Inclusion Now 57

Legal Question

“My son Martin’s mainstream school is in a locked down area. The school has told us that all the children in his year group will be sent home until further notice. All lessons will now be delivered on-line. My son uses adaptive computer technology with assisted technology at school. The school have said we are unable to take my son’s computer technology home. The Head of IT said that she is unable to set it up in our home after a Covid-19 risk assessment. We do not have the computer equipment at home, which means that Martin will not be able to access the school curriculum without access to adaptive and assisted technology. What are mine and my son’s rights?”

A new law has come into force recently that places a legal duty on schools to provide online education for children of compulsory school age, if they are unable to attend school due to Covid-19. The law is temporary and doesn’t provide specific details on what they must do, but guidance has been published by the Department for Education on this. This confirms that for many children with SEND that teaching will need to be adapted. We would of course expect this to be the case, as there is duty on Schools under the Equality Act 2010 to make reasonable adjustments. If they do not make the required reasonable adjustments you could have grounds to a claim for disability discrimination which can be pursued in the First-tier Tribunal (Special Educational Need and Disability).

Exactly what reasonable adjustments should be made will depend on your son’s specific needs and will be different for different children but it is important that the school should work together with you to establish what adjustments should be made any issues with this.  If there are any issues such as it not being possible for staff to set up the computer because a risk assessment has determined it is not safe to, I would recommend that you consider if the risk assessment can be challenged. To do this I recommend checking if it is specific to your son and a visit to your house as if it is not, you could argue it is not an adequate risk assessment.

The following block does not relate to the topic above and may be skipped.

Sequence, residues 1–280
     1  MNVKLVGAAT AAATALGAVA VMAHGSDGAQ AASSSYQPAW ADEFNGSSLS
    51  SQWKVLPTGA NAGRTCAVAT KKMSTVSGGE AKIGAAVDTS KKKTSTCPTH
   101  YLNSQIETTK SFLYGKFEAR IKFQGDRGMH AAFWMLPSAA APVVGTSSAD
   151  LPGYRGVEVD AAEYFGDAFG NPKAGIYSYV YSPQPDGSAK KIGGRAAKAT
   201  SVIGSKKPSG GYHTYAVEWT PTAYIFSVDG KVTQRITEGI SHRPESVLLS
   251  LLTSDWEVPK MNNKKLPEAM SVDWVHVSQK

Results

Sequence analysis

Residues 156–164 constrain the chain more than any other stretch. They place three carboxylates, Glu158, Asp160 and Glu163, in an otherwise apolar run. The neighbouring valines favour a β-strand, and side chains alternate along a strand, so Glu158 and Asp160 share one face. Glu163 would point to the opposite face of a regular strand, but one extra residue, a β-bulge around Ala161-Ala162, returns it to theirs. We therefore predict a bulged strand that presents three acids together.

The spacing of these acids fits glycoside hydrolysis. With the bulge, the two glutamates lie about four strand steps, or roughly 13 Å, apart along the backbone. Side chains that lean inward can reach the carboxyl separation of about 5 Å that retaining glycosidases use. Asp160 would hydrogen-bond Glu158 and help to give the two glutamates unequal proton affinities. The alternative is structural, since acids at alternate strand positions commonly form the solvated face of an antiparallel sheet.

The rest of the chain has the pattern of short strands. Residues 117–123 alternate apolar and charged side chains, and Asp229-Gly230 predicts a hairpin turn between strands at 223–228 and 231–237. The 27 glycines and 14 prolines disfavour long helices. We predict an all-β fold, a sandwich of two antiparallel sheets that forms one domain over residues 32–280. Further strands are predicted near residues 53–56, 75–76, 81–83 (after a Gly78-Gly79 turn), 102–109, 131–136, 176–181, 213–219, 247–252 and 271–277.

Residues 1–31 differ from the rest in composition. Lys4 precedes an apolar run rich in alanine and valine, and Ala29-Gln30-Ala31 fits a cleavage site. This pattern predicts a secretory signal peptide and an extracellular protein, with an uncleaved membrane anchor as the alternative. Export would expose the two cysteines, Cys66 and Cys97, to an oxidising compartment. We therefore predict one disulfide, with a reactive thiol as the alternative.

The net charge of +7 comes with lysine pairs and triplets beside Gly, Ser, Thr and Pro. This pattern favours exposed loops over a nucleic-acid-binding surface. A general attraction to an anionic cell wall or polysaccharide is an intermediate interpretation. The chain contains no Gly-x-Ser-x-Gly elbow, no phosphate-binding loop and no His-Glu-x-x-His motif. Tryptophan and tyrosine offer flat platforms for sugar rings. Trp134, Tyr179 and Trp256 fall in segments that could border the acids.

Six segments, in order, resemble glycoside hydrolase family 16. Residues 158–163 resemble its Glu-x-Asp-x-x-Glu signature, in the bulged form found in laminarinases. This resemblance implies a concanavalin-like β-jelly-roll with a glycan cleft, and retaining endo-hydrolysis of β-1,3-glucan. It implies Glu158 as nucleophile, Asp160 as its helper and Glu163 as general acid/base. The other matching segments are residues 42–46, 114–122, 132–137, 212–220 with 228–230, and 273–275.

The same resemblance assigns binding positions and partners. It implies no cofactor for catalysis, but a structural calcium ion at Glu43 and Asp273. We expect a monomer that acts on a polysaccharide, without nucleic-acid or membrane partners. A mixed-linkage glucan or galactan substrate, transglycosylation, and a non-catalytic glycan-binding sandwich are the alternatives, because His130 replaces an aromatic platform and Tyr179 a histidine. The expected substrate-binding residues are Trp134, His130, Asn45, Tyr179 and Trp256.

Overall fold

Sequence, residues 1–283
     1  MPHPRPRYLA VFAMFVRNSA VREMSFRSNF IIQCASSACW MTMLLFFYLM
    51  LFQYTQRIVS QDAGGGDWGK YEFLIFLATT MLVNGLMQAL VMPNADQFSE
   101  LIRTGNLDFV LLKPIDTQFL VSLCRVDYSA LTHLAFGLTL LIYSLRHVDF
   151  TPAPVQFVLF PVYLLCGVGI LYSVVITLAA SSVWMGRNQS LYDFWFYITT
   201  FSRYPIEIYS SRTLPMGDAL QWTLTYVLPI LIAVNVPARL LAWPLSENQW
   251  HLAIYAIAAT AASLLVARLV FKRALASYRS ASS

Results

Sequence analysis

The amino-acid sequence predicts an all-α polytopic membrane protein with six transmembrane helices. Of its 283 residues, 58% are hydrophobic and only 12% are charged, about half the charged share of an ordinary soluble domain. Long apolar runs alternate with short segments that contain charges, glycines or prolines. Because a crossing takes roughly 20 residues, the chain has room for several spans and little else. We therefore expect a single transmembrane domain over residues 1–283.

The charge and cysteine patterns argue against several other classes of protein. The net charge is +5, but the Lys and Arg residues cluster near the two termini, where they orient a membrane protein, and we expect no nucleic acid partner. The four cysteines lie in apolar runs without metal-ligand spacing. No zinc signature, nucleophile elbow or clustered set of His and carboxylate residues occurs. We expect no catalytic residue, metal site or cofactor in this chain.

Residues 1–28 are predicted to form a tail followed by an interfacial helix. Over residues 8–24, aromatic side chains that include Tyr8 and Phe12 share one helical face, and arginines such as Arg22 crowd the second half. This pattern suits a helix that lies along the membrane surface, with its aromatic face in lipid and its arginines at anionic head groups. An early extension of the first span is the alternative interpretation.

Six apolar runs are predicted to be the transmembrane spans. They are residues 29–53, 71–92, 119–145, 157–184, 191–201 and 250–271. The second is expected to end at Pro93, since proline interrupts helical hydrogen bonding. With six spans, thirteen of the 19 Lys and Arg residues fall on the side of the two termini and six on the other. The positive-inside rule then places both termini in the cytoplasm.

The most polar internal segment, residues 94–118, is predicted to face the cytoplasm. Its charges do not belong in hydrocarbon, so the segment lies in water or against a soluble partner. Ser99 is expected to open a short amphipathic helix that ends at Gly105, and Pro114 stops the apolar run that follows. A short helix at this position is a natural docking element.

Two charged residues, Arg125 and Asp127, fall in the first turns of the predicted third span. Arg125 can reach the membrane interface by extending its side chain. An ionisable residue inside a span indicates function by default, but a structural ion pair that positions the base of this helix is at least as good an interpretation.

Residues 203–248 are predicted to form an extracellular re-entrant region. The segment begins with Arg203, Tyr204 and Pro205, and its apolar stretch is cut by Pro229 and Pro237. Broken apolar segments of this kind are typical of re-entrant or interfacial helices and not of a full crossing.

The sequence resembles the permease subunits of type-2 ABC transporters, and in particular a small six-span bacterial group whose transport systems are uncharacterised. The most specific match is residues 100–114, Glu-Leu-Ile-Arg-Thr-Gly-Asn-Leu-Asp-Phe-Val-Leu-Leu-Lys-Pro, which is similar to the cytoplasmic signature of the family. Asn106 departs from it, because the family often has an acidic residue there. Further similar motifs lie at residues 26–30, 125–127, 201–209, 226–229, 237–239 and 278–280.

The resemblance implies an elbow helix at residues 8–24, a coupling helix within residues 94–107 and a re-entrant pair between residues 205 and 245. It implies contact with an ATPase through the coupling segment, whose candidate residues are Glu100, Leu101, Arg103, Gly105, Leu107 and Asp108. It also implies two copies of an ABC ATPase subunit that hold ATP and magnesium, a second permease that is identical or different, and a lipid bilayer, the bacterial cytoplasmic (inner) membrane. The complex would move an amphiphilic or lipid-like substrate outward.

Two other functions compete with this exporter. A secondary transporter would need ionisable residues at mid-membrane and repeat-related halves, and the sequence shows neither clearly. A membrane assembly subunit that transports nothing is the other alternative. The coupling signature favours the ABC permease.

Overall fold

In addition to the duty on the School to provide remote education and make reasonable adjustments, the Local Authority may also be under a legal duty to provide support if your son is in receipt of an Education, Health and Care Plan (EHCP). This is because he is still entitled to the special educational provision and health care provision detailed in the plan whilst he is not permitted to attend school. This means that if Section F of your son’s EHCP contains the provision for an adaptive computer with assisted technology and he is not receiving this provision whilst at home then you may be able to challenge this through a Judicial Review.  This is because, he should still be receiving the special educational provision that he is entitled to despite being unable to attend school due to the Covid restrictions. If this is not possible following a risk assessment with the school then technically this does not exempt the Local Authority from their legal duty. However, a Local Authority may try arguing that it does.

If families find themselves in difficult situations like these then they can seek legal advice on their individual circumstances. It is important to remember that up to date advice on your specific circumstances will always be beneficial. Please also take into consideration that the legislation and guidance in relation to Covid-19 is frequently changing and this could impact on any advice given.

By Lydia Neill and Beth Holbrook.

Lydia Neill is a Paralegal in the Public Law Team at Simpson Millar.
Beth Holbrook is an Education Law solicitor based in the Lancaster office of Simpson Millar.